Farai Maguwu

Its approximately 14 years since I met this woman, a European of Bulgarian origin working at the Zimbabwe embassy in Vienna. She had visited the European University Centre for Peace Studies in Stadtschlaining, close to the Hungarian border, where I was studying. By virtue of me being a Zimbabwean, she immediately came to me after I had introduced myself to the audience. She had been to Zimbabwe a couple of times and had fallen in love with the country and its people. We became good friends, exchanging messages from time to time and talking about almost anything as she reminisced on her Zim experiences.

I would return to Zimbabwe after every 3 months over the 12 month course. When I returned to Austria in Feb 2007 we met and enjoyed some drinks. She then told me she was leaving the Zimbabwe embassy anytime she gets a job somewhere. Puzzled, I asked why. She said ‘there is no project at the embassy’. I asked her to expand her statement and she said ‘I feel like I’m being paid for sitting in that office, absolutely doing nothing, and it’s making me feel redundant’.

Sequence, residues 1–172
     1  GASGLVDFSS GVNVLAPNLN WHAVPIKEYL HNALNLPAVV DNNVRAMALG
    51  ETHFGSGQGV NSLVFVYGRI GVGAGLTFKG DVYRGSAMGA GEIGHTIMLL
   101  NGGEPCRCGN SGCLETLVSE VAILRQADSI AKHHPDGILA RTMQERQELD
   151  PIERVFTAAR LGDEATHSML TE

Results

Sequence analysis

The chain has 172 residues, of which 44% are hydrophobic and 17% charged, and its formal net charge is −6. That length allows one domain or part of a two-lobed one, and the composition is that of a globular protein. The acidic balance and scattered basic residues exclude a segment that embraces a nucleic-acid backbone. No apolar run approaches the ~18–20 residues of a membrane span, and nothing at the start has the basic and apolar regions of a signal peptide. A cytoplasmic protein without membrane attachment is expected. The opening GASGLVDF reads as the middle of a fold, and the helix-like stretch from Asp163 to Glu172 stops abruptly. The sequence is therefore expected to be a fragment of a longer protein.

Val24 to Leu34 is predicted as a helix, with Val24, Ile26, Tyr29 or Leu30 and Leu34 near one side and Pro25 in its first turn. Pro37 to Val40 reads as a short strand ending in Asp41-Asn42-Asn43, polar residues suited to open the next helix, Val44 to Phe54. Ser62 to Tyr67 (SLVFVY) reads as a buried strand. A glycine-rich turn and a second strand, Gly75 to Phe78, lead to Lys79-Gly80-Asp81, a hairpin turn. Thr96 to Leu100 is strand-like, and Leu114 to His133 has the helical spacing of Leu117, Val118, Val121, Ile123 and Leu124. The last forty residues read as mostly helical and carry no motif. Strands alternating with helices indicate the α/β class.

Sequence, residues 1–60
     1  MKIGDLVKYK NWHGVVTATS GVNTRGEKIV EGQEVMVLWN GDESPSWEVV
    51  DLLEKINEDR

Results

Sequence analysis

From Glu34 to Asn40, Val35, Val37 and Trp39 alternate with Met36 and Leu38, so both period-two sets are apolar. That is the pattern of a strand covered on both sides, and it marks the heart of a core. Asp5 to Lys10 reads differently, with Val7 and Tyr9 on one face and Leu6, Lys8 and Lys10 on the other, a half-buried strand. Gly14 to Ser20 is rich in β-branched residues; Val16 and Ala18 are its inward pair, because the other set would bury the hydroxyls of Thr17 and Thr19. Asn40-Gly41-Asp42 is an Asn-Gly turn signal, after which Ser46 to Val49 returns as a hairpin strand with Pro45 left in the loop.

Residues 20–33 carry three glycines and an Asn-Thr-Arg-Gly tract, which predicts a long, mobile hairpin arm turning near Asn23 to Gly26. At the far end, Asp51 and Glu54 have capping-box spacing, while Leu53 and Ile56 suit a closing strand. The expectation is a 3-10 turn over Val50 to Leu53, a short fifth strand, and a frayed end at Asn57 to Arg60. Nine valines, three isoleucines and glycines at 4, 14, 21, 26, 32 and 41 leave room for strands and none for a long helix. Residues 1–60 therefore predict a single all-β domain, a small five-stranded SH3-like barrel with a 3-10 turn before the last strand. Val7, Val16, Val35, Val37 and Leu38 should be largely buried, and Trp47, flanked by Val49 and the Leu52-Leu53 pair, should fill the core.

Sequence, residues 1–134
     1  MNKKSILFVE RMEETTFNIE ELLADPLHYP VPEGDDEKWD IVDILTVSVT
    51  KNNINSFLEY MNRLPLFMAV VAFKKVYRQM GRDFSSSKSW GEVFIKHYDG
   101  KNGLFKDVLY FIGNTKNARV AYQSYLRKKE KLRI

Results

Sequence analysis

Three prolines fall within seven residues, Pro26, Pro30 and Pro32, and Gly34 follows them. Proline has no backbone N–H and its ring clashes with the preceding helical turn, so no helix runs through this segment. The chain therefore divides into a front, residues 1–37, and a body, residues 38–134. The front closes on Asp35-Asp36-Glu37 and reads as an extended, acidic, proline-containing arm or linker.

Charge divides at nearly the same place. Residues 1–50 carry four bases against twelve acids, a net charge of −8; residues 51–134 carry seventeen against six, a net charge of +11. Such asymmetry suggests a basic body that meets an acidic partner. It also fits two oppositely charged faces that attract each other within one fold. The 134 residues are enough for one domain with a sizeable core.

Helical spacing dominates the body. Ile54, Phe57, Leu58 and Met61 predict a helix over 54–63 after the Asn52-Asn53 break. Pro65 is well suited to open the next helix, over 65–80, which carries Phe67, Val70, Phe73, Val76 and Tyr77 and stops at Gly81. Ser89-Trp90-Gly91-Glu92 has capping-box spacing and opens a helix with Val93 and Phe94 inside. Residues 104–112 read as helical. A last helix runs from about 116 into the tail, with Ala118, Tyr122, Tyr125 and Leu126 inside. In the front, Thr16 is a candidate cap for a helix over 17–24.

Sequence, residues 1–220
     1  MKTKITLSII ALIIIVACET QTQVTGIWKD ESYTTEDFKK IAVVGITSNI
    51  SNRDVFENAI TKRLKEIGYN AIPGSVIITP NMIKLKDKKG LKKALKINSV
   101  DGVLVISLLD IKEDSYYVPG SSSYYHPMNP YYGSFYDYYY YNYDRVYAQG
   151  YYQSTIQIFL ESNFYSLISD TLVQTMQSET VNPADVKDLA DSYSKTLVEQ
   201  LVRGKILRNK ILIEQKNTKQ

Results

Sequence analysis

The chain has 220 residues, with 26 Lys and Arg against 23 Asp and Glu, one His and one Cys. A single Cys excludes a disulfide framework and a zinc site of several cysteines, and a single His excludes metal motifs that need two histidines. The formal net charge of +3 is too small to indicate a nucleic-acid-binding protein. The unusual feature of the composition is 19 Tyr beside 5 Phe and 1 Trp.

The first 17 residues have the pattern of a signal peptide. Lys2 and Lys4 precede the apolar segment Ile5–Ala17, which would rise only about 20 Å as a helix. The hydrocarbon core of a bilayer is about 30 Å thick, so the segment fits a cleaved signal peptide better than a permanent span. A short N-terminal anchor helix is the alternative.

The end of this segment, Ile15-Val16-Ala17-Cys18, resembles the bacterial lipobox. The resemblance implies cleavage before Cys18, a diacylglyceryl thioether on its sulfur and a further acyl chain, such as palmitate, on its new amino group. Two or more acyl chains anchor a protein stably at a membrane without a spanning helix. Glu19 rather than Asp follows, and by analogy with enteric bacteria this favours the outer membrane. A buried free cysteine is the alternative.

She went on to explain how the embassy works. Many times, she said, the ambassador is invited to important meetings which she never attends and she has no diary. She comes to work late and leaves early. She doesn’t take anything seriously and her attitude has percolated down to every Zimbabwean in the embassy. Embassy staff are rude to Zimbabwean citizens seeking help. Calls and emails from desperate citizens go unanswered. (Whilst in Austria I also wrote several emails to the embassy inquiring about renewing my passport and never got a reply whilst calls never went through and I guess staff took turns to call their relatives and friends, hence the line was always engaged).

She also said there is some nauseating arrogance among the embassy staff, a feeling that we are the best people in the world, we know it all. They are always in a defensive mode, she observed. That attitude, according to her, was preventing the country from moving forward as the ruling elites had a sense of having arrived at their intended destination and yet the nation was sinking. It was also at the heart of inequality, worsening poverty and general poor governance as there was no motivation to perform.